After introducing Josh to California in San Francisco and Monterey, we took a day trip to one of the most underrated cities in the state: Santa Cruz.
Santa Cruz lays at the tip of the Monterey Bay, hidden inside of the Santa Cruz Redwood Mountains. Known for its beachy-meets-mountain feel, tourists come here for a mixture of both relaxation and adrenaline.
Eager to continue on with our sense of mystery, Josh and I headed out to the Santa Cruz Mystery Spot.
There, our perception of the natural changed forever.
What is the Mystery Spot?
In short, the mystery spot is a gravitational vortex. In that vortex, you look like you’re standing at a 45 degree angle — but you’re standing straight up.
Of course, there are many skeptics who argue with the logistics of how something like this works. This, however, is Life in Another World, and lack of imagination won’t get you too far.
Although many claim that mystery spots are nothing more than tourist traps (there are more locations than just this one,) the tour provides a fun, relaxing activity anybody can do. Despite any explanations for the strange gravitational phenomena found here, nothing beats standing on a chair that makes you look like you’re about to fall over.
Especially if you generally come with a lack of balance.
Santa Cruz’s Most Intriguing Attraction
In 2014, the California Register and Director of California State Parks signed a declaration stating the Mystery Spot a Historical Landmark. As it was the first of its kind in California with increasing popularity, it’s a significant example of intriguing activities California has to offer.
Whether a genuine gravitational apex or not, tourists flock by the thousands for an out-of-this-world experience in California’s redwood forest. The location itself proves why this activity should be added on to any California road trip.
Even if you cock a curious eyebrow at the events of the tour, enjoy the surrounding redwoods.
Experiencing the Tour
As for myself and Josh, we’re believers.
Standing outside of the house that contains the actual “mystery spot,” our tour guide proved water could go in the opposite direction, people of different heights could switch places and be at the same height, and gravity is nothing but a mystery.
Before entering the house, our tour guide, Jane, warned us of the potential of headaches or a dizzy feeling.
The moment we stepped over the threshold, we both felt the “shift” in gravitational energy.
Whether you’re a believer or a skeptic, the Mystery Spot acts as a fun hour suitable for all ages.
If you’re planning on visiting Santa Cruz anytime soon, click here for more information.
Down to the Santa Cruz Beach Boardwalk
After spinning our minds at the Mystery Spot, we made our way down to the other landmark that puts Santa Cruz on the map: The Beach Boardwalk.
The boardwalk stretches along the ocean and offers various rides and attractions to hold your interest.
If you’re a thrill seeker, take a ride on the iconic Giant Dipper. If you’d prefer to be hoisted 125 feet in the air before you’re dropped back to the ground, you can always take your chances on the Double Shot. Perhaps the ocean view will mask any fear you may have?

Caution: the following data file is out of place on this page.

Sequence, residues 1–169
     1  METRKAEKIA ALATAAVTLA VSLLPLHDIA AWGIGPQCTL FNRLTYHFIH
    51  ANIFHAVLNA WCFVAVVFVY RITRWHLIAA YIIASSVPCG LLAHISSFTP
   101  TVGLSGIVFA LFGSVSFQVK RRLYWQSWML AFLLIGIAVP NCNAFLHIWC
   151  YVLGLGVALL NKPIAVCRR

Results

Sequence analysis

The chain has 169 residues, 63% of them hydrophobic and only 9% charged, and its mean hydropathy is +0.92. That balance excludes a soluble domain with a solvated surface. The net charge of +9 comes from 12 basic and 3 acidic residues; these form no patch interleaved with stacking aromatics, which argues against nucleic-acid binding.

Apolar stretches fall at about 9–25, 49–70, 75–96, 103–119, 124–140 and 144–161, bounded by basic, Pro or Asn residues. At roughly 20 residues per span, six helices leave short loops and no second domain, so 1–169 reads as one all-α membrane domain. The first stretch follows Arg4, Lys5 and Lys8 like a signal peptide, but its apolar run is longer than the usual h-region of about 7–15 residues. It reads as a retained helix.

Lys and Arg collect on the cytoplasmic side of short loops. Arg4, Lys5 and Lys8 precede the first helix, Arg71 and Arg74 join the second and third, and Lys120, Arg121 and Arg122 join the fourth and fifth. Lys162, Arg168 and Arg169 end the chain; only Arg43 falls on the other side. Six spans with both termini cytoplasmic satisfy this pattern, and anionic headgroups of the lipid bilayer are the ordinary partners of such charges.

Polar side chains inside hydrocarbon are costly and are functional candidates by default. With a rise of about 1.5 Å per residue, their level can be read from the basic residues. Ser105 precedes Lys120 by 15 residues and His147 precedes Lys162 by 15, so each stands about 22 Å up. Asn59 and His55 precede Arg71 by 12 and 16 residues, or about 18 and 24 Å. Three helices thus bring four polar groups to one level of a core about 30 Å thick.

Maybe letting your stomach flip upside down isn’t quite your thing, but don’t let that hinder you, either. Take a ride on the 1911 Looff Carousel, which is named as a Historical Landmark alongside the Giant Dipper. The carousel was hand-carved, and still plays the original music from the three organs alongside the road.
You can even relax on the Sky Glider, which has an aerial view of the park and gets you away from all of the noise.
Although you don’t have to pay to enter the park (meaning you can walk down the beach and admire all the rides), you do have to pay for each ride. The attractions are $5.00 each, or you could purchase an all-day pass for $30. There’s also always the option for a season pass or a MyBoardwalk card that you reload any time.
The Boardwalk in Modern Culture
If you’re a movie buff, you may recognize the Giant Dipper from a couple of different films — including The Lost Boys, Dangerous Minds, and Sudden Impact.
The rollercoaster itself was built by Arthur Looff, son of Charles I.D. Looff, who built the 1911 Looff Carousel. In 1987, both the Giant Dipper and the carousel were named as Historical Landmarks by the U.S. National Park service.
While you’re there, don’t forget to check out the historic Laughing Sal, who moved to the boardwalk in late 2004.
Saying Goodbye to Santa Cruz
Although we could easily purchase boardwalk season passes and stay forever, Josh and I eventually had to depart Santa Cruz.
If you have some more time to spend in Santa Cruz or if you hit the city in the off-season when the boardwalk is closed, you can also check out the Redwood Canopy Tours for a zipline through the redwoods.
Regardless of what you choose to do in Santa Cruz, you should never pass up an opportunity to get out into its mountains. As one of California’s most relaxed places, it will always provide the perfect weekend getaway.